Mayor Mitch Landrieu offered this response to Clancy DuBos' Dec. 2 column, "How Mitch Landrieu Will Be Measured."
When I came into office, the U.S. Department of Justice had called the New Orleans Police Department (NOPD) one of the worst departments in the country. A few bad apples, along with poor training and poor supervision, tainted the work of hundreds of tough, honest cops.
So we got to work. One of our first priorities was to reform the sex crimes unit, which was a failure. More than 800 rape kits sat on a shelf collecting dust. We took action and cleared that backlog, and as a result, we brought justice to 73 victims.
As part of the effort, we brought in new leadership and developed new policies. We sent a message to the department that our job was to assume that a victim of a sexual assault is telling the truth and to try to prove that a crime happened, not to try to disprove the victim, which was all too often the case.
As a result of our work, we saw the number of women seeking medical attention for sexual assaults remain flat, and at the same time we saw a big increase in the number of sexual assaults that were reported by the NOPD. This was a sign of progress — more women were coming forward and the NOPD was investigating more of these heinous crimes.
Notwithstanding all of the progress, we now know that we did not pull this problem out by the root. The accusations against the five detectives in the recent Inspector General report are a disgrace. It is unacceptable that special victims were failed by the system, and there will be consequences.
The Public Integrity Bureau is in the midst of a full review of the evidence involving all five detectives. This investigation will determine whether there were administrative violations that can result in termination, or if there was criminal misconduct that can result in criminal prosecution.
I appointed a special task force within the NOPD led by Cmdr. Paul Noel. The mission is clear: Bring justice to special victims.
First, the task force will reinvestigate each case that was touched by these five detectives so justice is done. This team will approach each case much like a cold case detective. They will review current evidence on file and gather any new evidence they can.
Second, the task force will recommend new personnel, policies and procedures within the sex crimes unit, so the NOPD is equipped to protect and serve the victims of these crimes. To get the job done, Noel will look for support and guidance from the strong advocates in this city who have made it their life's work to stop violence against women.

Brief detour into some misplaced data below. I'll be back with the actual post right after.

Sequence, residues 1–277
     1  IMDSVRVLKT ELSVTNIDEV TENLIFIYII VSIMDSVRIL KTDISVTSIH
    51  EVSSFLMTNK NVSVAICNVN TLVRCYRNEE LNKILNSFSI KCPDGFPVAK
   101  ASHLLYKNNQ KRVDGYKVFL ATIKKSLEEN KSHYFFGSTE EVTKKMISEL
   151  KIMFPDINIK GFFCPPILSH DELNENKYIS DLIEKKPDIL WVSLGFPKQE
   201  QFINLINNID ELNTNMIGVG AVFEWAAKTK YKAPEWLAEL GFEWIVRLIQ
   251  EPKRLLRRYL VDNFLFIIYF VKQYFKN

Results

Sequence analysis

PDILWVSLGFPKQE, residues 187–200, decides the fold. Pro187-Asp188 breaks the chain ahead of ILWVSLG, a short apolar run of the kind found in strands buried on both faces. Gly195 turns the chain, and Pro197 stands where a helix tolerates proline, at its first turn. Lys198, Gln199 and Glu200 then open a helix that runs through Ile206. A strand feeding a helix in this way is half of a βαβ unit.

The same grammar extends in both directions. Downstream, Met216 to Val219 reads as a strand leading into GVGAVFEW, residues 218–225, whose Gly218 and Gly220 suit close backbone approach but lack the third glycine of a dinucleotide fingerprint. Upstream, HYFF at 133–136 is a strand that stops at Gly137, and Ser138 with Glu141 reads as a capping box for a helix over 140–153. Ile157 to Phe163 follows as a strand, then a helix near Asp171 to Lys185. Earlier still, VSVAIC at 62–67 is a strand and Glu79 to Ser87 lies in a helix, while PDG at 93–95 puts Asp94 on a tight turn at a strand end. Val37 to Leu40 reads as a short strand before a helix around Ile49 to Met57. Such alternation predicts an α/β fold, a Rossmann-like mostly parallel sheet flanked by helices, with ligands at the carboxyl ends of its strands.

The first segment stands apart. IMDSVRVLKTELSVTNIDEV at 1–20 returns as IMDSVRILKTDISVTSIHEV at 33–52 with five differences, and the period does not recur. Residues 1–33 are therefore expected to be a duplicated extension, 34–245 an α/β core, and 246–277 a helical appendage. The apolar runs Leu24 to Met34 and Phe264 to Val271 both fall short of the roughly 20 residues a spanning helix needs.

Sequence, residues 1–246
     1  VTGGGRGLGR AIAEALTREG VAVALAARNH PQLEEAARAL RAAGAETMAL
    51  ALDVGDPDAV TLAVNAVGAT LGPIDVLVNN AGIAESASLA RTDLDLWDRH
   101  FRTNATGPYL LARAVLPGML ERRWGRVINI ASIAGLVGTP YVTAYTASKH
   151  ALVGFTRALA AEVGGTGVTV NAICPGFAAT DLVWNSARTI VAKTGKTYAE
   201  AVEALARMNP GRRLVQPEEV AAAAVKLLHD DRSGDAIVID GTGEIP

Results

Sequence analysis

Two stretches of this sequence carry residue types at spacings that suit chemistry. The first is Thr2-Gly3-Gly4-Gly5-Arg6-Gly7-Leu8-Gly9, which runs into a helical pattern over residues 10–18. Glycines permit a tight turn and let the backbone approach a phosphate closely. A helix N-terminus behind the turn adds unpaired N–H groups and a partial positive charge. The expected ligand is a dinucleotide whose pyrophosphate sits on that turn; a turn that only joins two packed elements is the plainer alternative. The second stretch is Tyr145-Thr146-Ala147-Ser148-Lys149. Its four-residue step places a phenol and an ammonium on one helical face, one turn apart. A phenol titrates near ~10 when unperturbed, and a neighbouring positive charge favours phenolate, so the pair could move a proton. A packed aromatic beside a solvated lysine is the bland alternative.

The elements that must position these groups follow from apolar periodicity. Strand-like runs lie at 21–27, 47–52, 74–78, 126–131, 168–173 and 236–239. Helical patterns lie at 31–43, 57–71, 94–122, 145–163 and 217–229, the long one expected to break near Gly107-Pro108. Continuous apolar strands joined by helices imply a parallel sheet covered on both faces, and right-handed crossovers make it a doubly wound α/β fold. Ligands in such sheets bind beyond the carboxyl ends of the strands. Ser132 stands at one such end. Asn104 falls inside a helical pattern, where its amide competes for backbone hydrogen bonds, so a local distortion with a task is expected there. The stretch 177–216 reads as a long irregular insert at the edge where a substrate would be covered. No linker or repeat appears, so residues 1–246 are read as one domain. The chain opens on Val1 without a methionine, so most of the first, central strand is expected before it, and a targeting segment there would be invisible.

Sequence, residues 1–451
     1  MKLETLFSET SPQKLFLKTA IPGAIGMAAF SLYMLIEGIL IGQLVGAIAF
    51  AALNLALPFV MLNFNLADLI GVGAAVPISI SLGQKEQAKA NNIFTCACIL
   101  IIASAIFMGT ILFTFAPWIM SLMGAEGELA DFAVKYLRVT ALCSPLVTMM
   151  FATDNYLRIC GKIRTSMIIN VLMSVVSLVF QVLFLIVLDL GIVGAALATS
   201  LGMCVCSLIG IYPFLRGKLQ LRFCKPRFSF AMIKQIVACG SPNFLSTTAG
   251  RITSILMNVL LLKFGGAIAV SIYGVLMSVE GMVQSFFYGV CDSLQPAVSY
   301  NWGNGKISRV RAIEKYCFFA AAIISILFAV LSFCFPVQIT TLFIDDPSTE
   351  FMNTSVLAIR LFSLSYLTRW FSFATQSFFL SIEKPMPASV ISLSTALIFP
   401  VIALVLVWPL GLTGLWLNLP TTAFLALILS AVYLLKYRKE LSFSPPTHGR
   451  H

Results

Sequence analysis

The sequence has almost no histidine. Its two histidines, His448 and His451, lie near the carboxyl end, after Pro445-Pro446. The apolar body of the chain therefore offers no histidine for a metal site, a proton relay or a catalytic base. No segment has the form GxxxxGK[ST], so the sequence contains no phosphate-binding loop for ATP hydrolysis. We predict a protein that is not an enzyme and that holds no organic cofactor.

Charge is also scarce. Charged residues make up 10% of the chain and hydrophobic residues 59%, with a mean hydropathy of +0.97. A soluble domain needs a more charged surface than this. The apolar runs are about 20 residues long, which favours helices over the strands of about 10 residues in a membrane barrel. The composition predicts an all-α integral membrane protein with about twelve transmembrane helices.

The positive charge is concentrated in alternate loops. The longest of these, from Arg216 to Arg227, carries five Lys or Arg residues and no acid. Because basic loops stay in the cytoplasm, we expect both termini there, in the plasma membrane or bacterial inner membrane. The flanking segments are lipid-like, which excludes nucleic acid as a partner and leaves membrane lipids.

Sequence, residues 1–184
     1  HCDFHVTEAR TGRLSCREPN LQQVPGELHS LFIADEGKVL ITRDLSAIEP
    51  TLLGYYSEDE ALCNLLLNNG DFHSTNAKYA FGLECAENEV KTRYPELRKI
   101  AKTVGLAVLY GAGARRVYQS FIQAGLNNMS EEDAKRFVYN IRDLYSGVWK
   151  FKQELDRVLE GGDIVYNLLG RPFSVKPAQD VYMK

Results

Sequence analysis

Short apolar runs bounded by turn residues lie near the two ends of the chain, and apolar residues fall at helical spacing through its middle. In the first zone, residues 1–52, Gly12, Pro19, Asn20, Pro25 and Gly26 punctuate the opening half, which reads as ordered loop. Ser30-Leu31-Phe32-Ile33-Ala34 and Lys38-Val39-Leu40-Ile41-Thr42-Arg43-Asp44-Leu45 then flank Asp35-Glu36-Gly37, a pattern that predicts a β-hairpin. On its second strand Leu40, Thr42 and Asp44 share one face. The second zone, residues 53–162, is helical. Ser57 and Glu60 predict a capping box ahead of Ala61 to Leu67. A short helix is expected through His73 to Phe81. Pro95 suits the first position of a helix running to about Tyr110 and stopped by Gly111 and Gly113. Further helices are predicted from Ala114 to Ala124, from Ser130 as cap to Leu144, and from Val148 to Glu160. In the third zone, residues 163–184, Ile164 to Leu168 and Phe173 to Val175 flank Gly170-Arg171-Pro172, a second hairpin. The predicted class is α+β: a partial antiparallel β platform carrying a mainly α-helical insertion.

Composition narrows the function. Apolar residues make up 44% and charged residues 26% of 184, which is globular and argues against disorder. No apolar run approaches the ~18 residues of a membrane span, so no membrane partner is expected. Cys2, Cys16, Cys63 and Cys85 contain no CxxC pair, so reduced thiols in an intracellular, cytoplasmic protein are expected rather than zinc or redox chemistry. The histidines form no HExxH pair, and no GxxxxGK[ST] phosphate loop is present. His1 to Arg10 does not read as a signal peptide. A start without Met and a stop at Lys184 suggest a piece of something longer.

Moving forward, we are committed to changing the culture of the NOPD to prevent this from happening again — in the sex crimes unit and beyond. That's what the consent decree is all about. And that's why it is so important to have an Inspector General to independently investigate and verify that these changes take hold. At the same time, Police Chief Michael Harrison is focused on building robust accountability measures, so that we know who's doing what and when — from the lowest ranking officer up to the chief.
As we fix this serious problem, we should not lose site of the progress we have made.
During Police Chief Ronal Serpas' tenure, we beefed up the homicide unit and created a Multi-Agency Gang Unit. As a result, we brought down the number of murders to a historic, nearly 30-year low.
We got serious about putting the right people in jail and focused police arrests on violent offenders. Out of nothing, we created one of the best firearms testing labs in the country.
We strengthened the Public Integrity Bureau and embedded the FBI. As part of our commitment to build trust and confidence in the NOPD, we invested in body cameras for officers on the street.
In the aftermath of Hurricane Katrina, we built new police stations and put hundreds of new police cars on the streets. We're rewarding hard-working officers with promotions, and a 5 percent pay raise for all officers.
Now we are hiring again. New officers will come into a strong police department. Today's officers will get more and better training and leadership at the top that is committed to getting it right.
The Inspector General's report was a reminder that change does not happen overnight. In fact, real and lasting reform requires vigilance every day.
We have a long way to go, but we have turned the New Orleans Police Department around and laid a strong foundation for the future.